Fine Print Redux
Continuing the review of the new Fine Print Notes in NFPA 70E.
NFPA Journal®, March/April 2009
As noted in the last column, the new Fine Print Notes (FPNs) in the 2009 edition of NFPA 70E®, Electrical Safety in the Workplace®, are not a part of the standard’s requirements. But they do alert users to concerns of the technical committee or to additional information that will help them apply the standard. FPNs can also be considered when developing site safety programs and doing hazard/risk analysis for work tasks. This column will continue the discussion of new FPNs found in the 2009 edition of NFPA 70E.
Fault clearing time is a major variable in determining the incident-energy level at any location in the power system. FPNs 1 and 2 of Section 130.3, Arc Flash Hazard Analysis, indicate that improper or inadequate maintenance of overcurrent protective devices can increase the incident energy available if the actual clearing times are longer than the expected clearing times. FPN 2 refers to the maintenance section of Chapter 2, and the FPN after Section 210.5, Protective Devices, completes the loop, reminding users that improper maintenance can affect the incident-energy values of the arc flash hazard analysis.
With this information, those analyzing hazards and risks should ask when the protective devices were last calibrated. If the relays have not been tested recently, an alternate work process should be considered, since the available incident energy could be higher than expected. The 2006 edition of NFPA 70B, Recommended Practice for Electrical Equipment Maintenance, contains chapters covering relay, breaker, and fuse information for each different type of electrical equipment. Also, Chapter 21 is devoted to testing and test methods for protective relays. Section 21.10.3, Protective Relays, of NFPA 70B is a good place to start for maintenance recommendations for protective relays.
The FPN after Section 130.5(E), Vehicular and Mechanical Equipment, reminds users that there could be a step potential near the safety ground installed for vehicles if they come in contact with overhead lines. You want to install the safety ground for the operator’s safety, but the FPN reminds people not to stand near that safety ground.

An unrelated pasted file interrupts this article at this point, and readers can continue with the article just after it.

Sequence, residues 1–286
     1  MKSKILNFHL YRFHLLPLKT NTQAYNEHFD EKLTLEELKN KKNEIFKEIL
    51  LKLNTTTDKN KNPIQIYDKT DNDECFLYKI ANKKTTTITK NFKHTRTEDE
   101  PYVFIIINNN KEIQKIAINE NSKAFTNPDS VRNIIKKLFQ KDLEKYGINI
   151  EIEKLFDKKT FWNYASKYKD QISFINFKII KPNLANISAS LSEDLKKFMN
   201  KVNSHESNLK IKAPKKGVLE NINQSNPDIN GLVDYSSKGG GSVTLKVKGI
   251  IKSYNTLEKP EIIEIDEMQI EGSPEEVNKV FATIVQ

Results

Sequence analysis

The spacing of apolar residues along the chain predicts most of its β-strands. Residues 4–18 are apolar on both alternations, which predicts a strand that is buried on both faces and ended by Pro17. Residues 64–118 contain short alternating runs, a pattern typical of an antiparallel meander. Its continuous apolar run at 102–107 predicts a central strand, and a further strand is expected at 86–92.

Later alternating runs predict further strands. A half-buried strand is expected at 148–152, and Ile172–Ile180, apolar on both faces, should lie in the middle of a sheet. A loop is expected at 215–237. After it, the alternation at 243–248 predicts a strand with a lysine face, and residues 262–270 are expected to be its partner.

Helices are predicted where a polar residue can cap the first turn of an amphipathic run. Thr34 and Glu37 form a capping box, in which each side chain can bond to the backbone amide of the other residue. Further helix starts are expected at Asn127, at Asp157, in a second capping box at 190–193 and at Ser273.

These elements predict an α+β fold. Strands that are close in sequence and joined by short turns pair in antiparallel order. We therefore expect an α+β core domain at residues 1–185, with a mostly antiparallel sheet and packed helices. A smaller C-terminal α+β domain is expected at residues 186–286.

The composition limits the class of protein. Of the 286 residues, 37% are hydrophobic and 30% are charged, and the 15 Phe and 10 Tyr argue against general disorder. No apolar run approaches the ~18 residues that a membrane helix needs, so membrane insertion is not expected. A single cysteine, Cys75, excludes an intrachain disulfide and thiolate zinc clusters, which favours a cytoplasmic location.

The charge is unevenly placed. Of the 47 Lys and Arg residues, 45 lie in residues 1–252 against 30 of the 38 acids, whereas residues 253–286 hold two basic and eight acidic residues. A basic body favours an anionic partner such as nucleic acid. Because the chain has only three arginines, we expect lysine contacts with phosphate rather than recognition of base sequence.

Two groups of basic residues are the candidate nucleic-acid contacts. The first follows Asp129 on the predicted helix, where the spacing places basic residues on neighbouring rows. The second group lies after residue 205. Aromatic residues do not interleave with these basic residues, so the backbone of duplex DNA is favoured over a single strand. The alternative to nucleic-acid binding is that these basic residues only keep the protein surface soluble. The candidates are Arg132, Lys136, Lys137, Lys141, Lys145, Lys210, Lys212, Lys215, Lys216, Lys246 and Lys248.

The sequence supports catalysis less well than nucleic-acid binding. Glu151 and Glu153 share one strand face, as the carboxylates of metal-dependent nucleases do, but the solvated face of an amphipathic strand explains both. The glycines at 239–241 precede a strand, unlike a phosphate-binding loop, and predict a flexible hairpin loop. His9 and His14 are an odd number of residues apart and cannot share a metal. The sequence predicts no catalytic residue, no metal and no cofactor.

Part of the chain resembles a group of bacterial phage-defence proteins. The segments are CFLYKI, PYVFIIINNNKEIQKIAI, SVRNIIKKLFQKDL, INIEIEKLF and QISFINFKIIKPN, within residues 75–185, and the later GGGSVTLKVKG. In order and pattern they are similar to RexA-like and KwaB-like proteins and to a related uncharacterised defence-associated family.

Section 130.7(A), Personal and Other Protective Equipment–General, has several important FPNs. FPN 1 reminds readers that personal protective equipment (PPE) only prevents injury from the burn part of an arc flash, not the explosive effect or the pressure and shrapnel the arc flash generates.
FPN 2 suggests finding alternate work methods when the incident-energy level is above 40 cal/cm2. PPE rated as high as 100 cal/cm2 is available, but this FPN discourages users from working when the incident-energy level is above 40 cal/cm2. There is nothing in NFPA 70E that prohibits wearing PPE rated higher than the incident-energy level, and in some cases, you may want that extra level of protection.
The last three new FPNs we’ll discuss are in Section 130.7(C)(9). I addressed FPN 1 in my July/August 2008 column. FPN 2 reviews the effect of underestimating current and clearing times. FPN 4 reminds you that the current and clearing time must be documented in the energized work permit. Many users of Table 130.7(C)(9) overlook the current and clearing time requirements in the table notes, and FPN 4 reminds them to check the notes and document them in the work permit.
Readers gain significantly more knowledge when they consider the additional information the FPNs provide. The FPNs all contain good subjects to consider when developing individual facility or corporate safety programs and doing the hazard/risk analyses for individual tasks.
I encourage you to also look at the FPNs that are not new to this edition of NFPA 70E, as the information they provide is as important as that contained in the new FPNs. Considering the litigious society we live in, it is important to note these FPNs.
Bill Buss is senior electrical engineer for NFPA and is staff liaison for NFPA 70E.